Guest Post: NordVPN Discusses The Fact That Facebook Shares User Data with Phone Makers

Posted in Commentary with tags on June 7, 2018 by itnerd

The Cambridge Analytica scandal has shown that Facebook harvest, shares and profits from users’ data. A new report demonstrates that the issue with Facebook’s data collection goes much deeper than that.

According to the recent news, Facebook shares users’ data with phone makers, sharing it with at least 60 different device producers, including Apple, Microsoft, Samsung and many others. It turns out Facebook has been sharing user details for over a decade, despite users’ privacy and data sharing preferences.

How does Facebook go around the necessary user consent in sharing their data? It has simply categorized these phone producers as partners rather than third parties, which allows Facebook to share data with them without explicit permission.

In addition, Facebook shares the data of users’ friends, even after having claimed that it had cut off third-party access to friends’ data back in 2015. However, since device makers are not considered third parties, users friends’ data is shared.

Where does the data go?

“Once the data is collected, it can be used for various purposes,” said Marty P. Kamden, CMO of NordVPN. “Even though people think that harvested data is harmless, as it’s mostly used for targeted ads or service improvement, collecting information makes it very vulnerable. The Cambridge Analytica scandal has shown us that data could be used for sophisticated political targeting campaigns. There are many other ways how data can be abused, especially if it ends up in the wrong hands.”

Deleting Facebook app from one’s phone might prevent Facebook from sharing one’s data, but only if the phone is new and the person has never logged into the app in the first place. Even doing that might not stop the data collection, because everyone’s data is already probably shared through their friends who are on Facebook.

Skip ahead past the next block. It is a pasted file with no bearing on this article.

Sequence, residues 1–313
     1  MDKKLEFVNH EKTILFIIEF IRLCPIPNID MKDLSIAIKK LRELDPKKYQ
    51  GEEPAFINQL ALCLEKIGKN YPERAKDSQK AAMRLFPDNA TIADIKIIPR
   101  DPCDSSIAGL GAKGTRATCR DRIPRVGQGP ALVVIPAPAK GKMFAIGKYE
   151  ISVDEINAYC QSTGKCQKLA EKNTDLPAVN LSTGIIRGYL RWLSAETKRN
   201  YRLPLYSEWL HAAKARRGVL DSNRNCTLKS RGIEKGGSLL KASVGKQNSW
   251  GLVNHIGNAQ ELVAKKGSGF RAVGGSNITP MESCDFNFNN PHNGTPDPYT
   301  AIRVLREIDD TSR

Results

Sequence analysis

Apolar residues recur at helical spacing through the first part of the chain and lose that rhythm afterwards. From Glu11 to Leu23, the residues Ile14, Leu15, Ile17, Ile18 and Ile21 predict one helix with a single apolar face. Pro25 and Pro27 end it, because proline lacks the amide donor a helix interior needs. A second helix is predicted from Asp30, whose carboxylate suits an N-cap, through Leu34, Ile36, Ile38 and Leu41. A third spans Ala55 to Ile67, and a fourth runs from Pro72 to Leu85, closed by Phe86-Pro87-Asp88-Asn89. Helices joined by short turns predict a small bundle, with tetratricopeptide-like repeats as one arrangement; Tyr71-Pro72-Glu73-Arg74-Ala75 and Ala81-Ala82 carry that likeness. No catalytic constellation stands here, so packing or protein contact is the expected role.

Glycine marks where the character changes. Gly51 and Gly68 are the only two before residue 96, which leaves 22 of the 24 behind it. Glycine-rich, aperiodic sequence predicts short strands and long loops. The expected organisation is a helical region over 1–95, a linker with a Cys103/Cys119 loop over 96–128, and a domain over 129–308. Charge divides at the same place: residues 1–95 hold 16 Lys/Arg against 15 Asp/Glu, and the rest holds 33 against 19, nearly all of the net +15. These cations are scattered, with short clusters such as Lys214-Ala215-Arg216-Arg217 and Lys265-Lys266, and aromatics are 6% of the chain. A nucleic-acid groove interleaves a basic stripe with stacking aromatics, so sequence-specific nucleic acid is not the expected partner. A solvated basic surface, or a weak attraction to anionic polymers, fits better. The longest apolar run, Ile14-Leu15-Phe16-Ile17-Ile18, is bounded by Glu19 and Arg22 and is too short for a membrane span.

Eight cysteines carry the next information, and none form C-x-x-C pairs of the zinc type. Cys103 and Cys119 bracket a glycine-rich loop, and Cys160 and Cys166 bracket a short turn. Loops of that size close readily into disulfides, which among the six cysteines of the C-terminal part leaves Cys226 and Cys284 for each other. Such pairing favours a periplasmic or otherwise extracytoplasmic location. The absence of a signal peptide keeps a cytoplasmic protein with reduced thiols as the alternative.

Therefore, those who really want to protect their data, should quit Facebook – and if they are in Europe, they can also request to delete all their data and to share the list of third parties with which one’s data was ever shared.

Other online security tips include keeping software up to date, not clicking on suspicious links and using password management services.  It’s also advisable to connect to a VPN when going online, as VPN encrypts users’ online activity into a secure tunnel.

Guest Post: NordVPN Discusses The Fact That Russia Is Intensifying Hacking Of Foreign Routers & Email Accounts

Posted in Commentary with tags on May 31, 2018 by itnerd

In the latest news, it has been reported that a new piece of Russian malware can infect consumers’ routers.

The malware comes from the group called Fancy Bear, believed to be a part of Russia’s military intelligence service. The software could be used to monitor and surveil any traffic that goes across a user’s router, to infect it or to block certain websites. About 500,000 devices globally are already infected with the malware, which could be used to form a network of zombie devices that could block sites by overloading their servers.